Cats will be available from Friends of Strays for reduced prices during February's "Open Your Heart to Strays" special.
A jogger on the Pinellas Trail found Cosby the cat near death, his claws wrapped in duct tape.
Without the use of his claws, Cosby could neither hunt nor defend himself. The Angora couldn't even scratch off the ear mites that ate away his ear drums and made him deaf.
The runner called the Friends of Strays after the discovery earlier this month. The shelter took in the homeless cat, which is being nursed back to health at one of the center's "foster homes" for cats. His rescuers guess that somebody may have taped his claws in an effort to stop him from scratching furniture.
Volunteers at the shelter believe that this year's cold weather would have killed Cosby had he not been discovered. Not all the cats at the shelter have a story as dramatic as Cosby's, but they all need homes. That is why for the second year in a row, Friends of Strays is beginning February with an "Open Your Heart to Strays" open house at their rescue center on 47th Avenue N.
The promotion is designed to find homes for adult cats. It will run for three weeks. (Cosby is still recovering and will not be available for this special.)
"This one is special (because) we want to move the adult cats before the kitten season starts. After the kitten season we (will be filled) with mother cats and kittens," said Jean Bomonti, chairman of the board and one of the co-founders.
Bomonti said that adopting an older cat can be a safer bet than taking home a kitten because the personality of the animal has emerged, the sometimes destructive playfulness of a young juvenile has passed and the cat is trained to use a litter box.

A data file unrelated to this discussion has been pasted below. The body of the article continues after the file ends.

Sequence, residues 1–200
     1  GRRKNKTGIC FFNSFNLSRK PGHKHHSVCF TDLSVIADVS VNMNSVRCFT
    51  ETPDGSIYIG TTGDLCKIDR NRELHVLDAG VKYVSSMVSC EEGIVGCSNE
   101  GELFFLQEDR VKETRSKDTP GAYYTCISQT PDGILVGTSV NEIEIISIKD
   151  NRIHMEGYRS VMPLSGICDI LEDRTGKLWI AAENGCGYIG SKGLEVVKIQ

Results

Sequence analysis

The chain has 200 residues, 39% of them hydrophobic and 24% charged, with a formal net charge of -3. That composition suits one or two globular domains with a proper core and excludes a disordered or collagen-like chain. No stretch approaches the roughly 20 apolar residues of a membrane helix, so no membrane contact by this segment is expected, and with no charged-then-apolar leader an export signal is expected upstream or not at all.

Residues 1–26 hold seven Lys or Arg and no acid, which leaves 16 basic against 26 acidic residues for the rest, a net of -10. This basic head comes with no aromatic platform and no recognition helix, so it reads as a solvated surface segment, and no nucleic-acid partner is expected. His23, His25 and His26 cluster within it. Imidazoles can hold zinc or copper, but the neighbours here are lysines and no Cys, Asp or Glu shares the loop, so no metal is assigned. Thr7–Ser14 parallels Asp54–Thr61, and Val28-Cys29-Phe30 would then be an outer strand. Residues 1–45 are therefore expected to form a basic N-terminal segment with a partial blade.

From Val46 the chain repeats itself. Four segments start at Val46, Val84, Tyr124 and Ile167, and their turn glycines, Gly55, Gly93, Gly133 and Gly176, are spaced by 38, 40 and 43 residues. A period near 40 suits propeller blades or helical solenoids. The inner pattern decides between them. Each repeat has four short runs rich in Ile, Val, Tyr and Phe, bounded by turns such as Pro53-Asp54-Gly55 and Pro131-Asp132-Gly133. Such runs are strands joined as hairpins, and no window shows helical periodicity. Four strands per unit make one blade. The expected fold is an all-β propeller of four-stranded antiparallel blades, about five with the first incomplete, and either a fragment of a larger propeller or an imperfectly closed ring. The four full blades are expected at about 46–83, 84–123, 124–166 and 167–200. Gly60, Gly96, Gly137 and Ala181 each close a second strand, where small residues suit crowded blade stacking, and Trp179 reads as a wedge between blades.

From Tuesday through Feb. 19, prospective cat owners can come to Friends of Strays and meet a host of calicos, tiger-stripped, sable or black and white felines. Friends of Strays provides an area for prospective owners to interact with a cat and decide if it is coy, outgoing, talkative or more the silent type.
Callie, Naomi, Nickalena, Cabernet and 28 other adult cats are available for the special $25 adoption fee. (The usual fee is $40.) All cats are already litter-trained, spayed or neutered and have had all shots and come up negative in screening for feline leukemia and feline AIDS.
The adoptees range from 6 months to more than 9 years old. Chong has been waiting to be adopted for nearly a year. Most of the other cats have been there fewer than six months.
The shelter does not destroy any healthy animal regardless of how long it takes to be adopted.
Last year, most of the available cats found homes. Maybelle was left behind because of digestive troubles, but she has since found a home. Seven dogs and 10 kittens also went home when some people fell in love with them while meeting and adopting older cats.
Last year, Debbie Towne, who also works for the center, adopted 5-year-old Jackson _ a brown-and-white tabby cat who has a way with women.
"He just really took a liking to me. He would jump on my lap and start kneading my chest. . . . I just fell in love with him, so I adopted him."
Towne enjoyed the perks of adding a more grown-up cat to her household.
"You don't have to go with that kitten phase," she said. "It's more like rooming with a roommate _ you learn their quirks (and) their own individual personalities. They play, but they're not as crazy as kittens are. And they appreciate the affection so much."
People wishing to adopt should be prepared to fill out a questionnaire assessing such things as the home environment, age of children in the family, a landlord's rules about pets and pet deposits and the ability of the family to handle the expenses a pet incurs. (Dog adoption includes a home inspection.)
Two things to note: This promotion is at the Friends of Strays shelter at 2911 47th Ave. N _ just south of the 28th Street Drive In. Their thrift store on 34th Street North will not have these cats.
Also, Friends of Strays can accept no cats dropped off without a proper intake. Even though the shelter has a "no kill" rule, Pinellas County ordinances demand that any animal without a health history for rabies must be surrendered to Animal Control.